Of course, the geodesic equation must return to Newton's law in the weak static gravitational field, and unlike in the past, in Yang Ji-liang 's article, Not only the geodesic equation of low velocity particle is required to return to Newton's theory, but also the geodesic equation of high speed particle is also required to return to the corresponding Newtonian theory. Although the mass of moving particles appeared in Newton's law of gravity, they were eventually eliminated. That is to say, the equation of moving particle's acceleration derived from Newton's theory does not contain particle mass eventually, which is the premise of the comparison between GR and Newton's theory.
No, that's not the correct elimination of mass. Please re-read my previous post, specifically the massive black hole part.

As I mentioned to another poster in another thread on another topic
You appear to be playing chess with a pigeon

I think it's more like a parrot in this case: heyuhua keep repeating what Yang says (even when that's proven to be wrong), and keeps saying things without understanding them.

Only if the charge/mass is completely negligible, or if we're talking about a test charge/mass. In Yang's article it's not made clear this is the case; the text suggests there are real, massive particles moving about.

Indeed, one of us has these confusions. Let's take your post. It clearly doesn't answer the question I posed (and that you quoted). Now tell me, who of us two is the one that's confused?

You don't even seem to understand the importance of a minus-sign difference, so if my "foundation of physics" is too poor, that makes two of us.

That's garbled; can you please rephrase that?

And I suggest you learn the meaning of the word "static".

And I suggest you learn that motion involved movement, and if all things are static, there can be no movement.

So a massive black hole orbiting the sun at Earth's distance would no affect the sun? Because that's what you are claiming.

I see you've failed to understand barycenters. How can you possibly hope to understand GR if you can't even grasp such a simple concept?
I think it's more like a parrot in this case: heyuhua keep repeating what Yang says (even when that's proven to be wrong), and keeps saying things without understanding them.
Can't a charge move in an electrostatic field? similarly, cann't a particle move in a static state's gravitational field? The subject of this study here is the movement of particles in the static gravitational field. This is what we often do. Can you deduce the orbital equation of planets from Newton's law? can you deduce the orbital equation of planets from GR? if you can, You wouldn't have asked these ridiculous questions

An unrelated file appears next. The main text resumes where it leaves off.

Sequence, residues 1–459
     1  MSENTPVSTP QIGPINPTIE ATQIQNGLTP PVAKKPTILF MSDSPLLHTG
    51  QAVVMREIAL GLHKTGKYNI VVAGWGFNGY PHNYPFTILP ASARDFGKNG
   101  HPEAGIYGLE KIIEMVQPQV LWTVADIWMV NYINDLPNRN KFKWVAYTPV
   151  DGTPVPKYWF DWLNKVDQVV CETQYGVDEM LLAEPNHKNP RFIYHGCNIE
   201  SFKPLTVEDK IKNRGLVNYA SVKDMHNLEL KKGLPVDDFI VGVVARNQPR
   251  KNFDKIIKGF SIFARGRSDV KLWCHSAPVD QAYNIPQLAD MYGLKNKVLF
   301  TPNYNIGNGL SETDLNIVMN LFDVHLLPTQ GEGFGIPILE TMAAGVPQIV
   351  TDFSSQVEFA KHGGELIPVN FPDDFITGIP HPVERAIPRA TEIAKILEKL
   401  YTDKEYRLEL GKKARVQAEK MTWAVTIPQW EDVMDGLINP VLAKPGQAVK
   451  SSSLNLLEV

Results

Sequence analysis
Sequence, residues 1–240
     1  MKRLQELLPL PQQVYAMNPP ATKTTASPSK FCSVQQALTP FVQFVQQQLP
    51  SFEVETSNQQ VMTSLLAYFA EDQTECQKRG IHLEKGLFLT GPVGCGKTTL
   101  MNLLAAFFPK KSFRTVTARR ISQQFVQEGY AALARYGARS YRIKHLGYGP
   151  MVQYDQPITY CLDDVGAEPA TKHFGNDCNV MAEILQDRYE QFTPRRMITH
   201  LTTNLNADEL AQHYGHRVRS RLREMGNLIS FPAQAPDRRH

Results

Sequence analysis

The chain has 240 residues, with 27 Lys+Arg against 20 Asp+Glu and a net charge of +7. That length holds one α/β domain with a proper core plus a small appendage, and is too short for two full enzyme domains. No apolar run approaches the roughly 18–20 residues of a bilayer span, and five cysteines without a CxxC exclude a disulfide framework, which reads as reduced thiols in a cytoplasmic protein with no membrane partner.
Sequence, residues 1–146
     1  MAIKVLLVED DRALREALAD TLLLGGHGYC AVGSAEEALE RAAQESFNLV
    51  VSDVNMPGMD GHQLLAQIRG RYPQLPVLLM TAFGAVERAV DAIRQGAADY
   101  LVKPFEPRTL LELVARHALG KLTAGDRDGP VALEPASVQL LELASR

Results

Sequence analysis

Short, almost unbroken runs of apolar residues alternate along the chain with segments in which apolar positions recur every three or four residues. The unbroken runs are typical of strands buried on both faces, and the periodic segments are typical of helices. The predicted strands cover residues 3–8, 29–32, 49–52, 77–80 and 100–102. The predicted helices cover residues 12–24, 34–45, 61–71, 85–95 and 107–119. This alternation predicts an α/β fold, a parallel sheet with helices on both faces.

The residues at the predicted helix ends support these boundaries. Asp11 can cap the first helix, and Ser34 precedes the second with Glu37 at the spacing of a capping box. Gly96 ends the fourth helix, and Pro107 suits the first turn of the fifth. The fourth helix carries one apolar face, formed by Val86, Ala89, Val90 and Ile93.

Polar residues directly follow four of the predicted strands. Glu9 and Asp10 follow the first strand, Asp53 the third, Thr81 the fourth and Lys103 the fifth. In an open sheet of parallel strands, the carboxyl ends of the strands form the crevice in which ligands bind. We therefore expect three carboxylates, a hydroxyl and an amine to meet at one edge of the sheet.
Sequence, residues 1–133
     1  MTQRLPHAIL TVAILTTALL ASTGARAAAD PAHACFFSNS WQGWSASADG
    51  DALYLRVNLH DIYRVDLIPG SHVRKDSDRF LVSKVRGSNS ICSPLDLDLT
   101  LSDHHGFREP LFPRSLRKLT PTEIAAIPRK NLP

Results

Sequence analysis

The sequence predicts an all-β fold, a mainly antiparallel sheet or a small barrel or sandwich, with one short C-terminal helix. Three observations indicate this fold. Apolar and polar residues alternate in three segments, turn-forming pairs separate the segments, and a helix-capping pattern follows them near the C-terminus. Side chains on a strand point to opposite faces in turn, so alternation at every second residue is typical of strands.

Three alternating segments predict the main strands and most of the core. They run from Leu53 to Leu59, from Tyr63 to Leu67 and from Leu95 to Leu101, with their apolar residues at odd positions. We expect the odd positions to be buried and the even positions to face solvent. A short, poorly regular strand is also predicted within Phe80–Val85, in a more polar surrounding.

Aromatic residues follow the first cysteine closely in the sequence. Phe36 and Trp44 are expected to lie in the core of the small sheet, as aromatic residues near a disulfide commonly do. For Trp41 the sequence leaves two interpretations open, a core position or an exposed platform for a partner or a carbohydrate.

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Can't a charge move in an electrostatic field?
A charge cannot move if its velocity is zero. Again, re-read the part of Yang's articles where the values of $$U^\mu$$ are discussed.

similarly, cann't a particle move in a static state's gravitational field?
A particle cannot move if its velocity is zero.

The object of this study is the movement of particles in the static gravitational field.
1) There are no particles, only a perfect fluid in Yang's universe;
2) There is no movement in Yang's universe.

This is what we often do. Can you deduce the orbital equation of planets from Newton's law? can you deduce the orbital equation of planets from GR? if you can, You wouldn't have asked these ridiculous questions
If you understood what the word "static" means, you wouldn't be giving these ridiculous answers.

Can't a charge move in an electrostatic field? similarly, cann't a particle move in a static state's gravitational field? The object of this study is the movement of particles in the static gravitational field. This is what we often do. Can you deduce the orbital equation of planets from Newton's law? can you deduce the orbital equation of planets from GR? if you can, You wouldn't have asked these ridiculous questions
A charge cannot move if its velocity is zero. Again, re-read the part of Yang's articles where the values of $$U^\mu$$ are discussed.

A particle cannot move if its velocity is zero.

1) There are no particles, only a perfect fluid in Yang's universe;
2) There is no movement in Yang's universe.

If you understood what the word "static" means, you wouldn't be giving these ridiculous answers.
A charge cannot move if its velocity is zero. Again, re-read the part of Yang's articles where the values of $$U^\mu$$ are discussed.

A particle cannot move if its velocity is zero.

1) There are no particles, only a perfect fluid in Yang's universe;
2) There is no movement in Yang's universe.

If you understood what the word "static" means, you wouldn't be giving these ridiculous answers.
We should understand that the moving particle here is equivalent to a test particle, which does not participate in the formation of gravitational field, and the particles forming the gravitational field are many other particles at rest. the perfect fluid is the statistical behavior of a large number of particles, its equation of motion is that the divergence of its stress tensor is zero. The motion equation of a single particle is geodesic equation, the two are different.This is the basic assumption that the general relativity is discussed on a single particle.

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We should understand that the moving particles here are equivalent to the test particles, which do not participate in the formation of gravitational field, and the particles forming the gravitational field are their particles.